All in-law relationships can be a little…shall we say, tricky. Grandparents like to spoil their grandkids, and want parents to sit back and smile. But sometimes the spoiling crosses the line and conflicts with your basic parenting philosophies. It starts to dictate your vacations and the precious little time you have off. It begins to impact your life choices, and that’s not okay.
No one should have to deal with their parents — or their spouse’s parents — running their life. We have our own lives to live, dammit, and we need to establish boundaries STAT.
That’s easier said than done when you’re dealing with overstepping in-laws, I know. But it is possible, because somehow my husband and I have been able to deal with it — successfully, for the most part — for the past nine years.
It may require some spousal tantrums (usually on my part), because a person can feel torn between their partner and their parents. Until now, their parents may have been used to being listened to. You’re the one who has to hold firm, and that’s lonely. That’s miserable. Your anger at your in-laws might spread into anger at your spouse. You may find yourself seeing “sides” where there are no sides, only people muddling along and trying to get the best of a situation. Yes, I’m being charitable. But dealing with meddling in-laws requires a great deal of charity, tact, and compromise.
One major sticking point with my in-laws: the kids. I have major issues with screen time, because my children will watch shit like Ninjago and Mickey Mouse Club and Paw Patrol until their eyes roll out of their heads. Then they will throw massive tantrums to turn it back on. So I have to draw limits and say “no.” But dear Mawmaw and Pawpaw think that hours and hours of Paw Patrol is a perfectly acceptable way to occupy our children, who will scream through several days of TV detox after a visit.
I once asked my mother-in-law not to put on the TV for them while I was gone. Her response? “If I’m watching them, they’ll do what I want them to.”
My blood boiled. My teeth clenched. But instead of drawing of a line in the sand, I used the best technique possible: compromise. “How about they watch Planet Earth or Walking with Dinosaurs? Here, I’ll cue it up on Amazon.” I offered a face-saving alternative, and I made it simple to implement. The kids watched Planet Earth. Crisis averted. A screaming match would have led not only to no babysitting in the moment, but an abrupt end to our visit and weeks of not speaking, followed by a nothing less than a blubbering apology on my end. Not going to happen, folks. If we want to maintain a relationship, we have to know when to offer alternatives.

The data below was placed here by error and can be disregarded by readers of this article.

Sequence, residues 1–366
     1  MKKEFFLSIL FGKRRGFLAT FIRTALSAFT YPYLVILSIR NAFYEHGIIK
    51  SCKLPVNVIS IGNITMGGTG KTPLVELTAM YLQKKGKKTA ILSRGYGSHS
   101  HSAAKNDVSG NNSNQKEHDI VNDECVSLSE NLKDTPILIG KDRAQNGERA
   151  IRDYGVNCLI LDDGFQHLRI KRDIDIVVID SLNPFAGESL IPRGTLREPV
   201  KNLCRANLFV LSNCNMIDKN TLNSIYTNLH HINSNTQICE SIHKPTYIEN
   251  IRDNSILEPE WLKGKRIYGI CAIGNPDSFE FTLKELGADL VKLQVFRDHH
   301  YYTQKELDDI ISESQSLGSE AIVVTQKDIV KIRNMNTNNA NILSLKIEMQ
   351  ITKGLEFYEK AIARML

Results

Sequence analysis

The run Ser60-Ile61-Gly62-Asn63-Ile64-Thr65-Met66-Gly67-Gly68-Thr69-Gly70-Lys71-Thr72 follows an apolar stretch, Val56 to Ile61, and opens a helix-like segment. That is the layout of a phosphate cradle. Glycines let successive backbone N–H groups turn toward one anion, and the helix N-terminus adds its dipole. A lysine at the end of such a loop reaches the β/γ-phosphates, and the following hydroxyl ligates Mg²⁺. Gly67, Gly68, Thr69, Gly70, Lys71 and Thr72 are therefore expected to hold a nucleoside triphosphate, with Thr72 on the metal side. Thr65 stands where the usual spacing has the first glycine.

But some things you just have to live with — and deal with later. For instance, we’ve asked time and again for them to minimize the number and size of the presents they buy the kids. We’ve offered alternatives (museum and zoo memberships, for example — experiences, not things). Still, my in-laws’ toy deluge continues unabated, often with matching gifts for each child, often for every holiday (Arbor Day, anyone?), and often with cheap plastic stuff they wouldn’t really play with.
But my husband and I have an agreement — after a few days, this stuff disappears. Unless the kids diehard love it, off to the thrift store it goes. What the in-laws don’t know won’t hurt them. If we drew a line in the sand about present-giving, they’d be disappointed, angry, and think we were both ungrateful and depriving the children. Cue another screaming match. So it’s best to just deal quietly.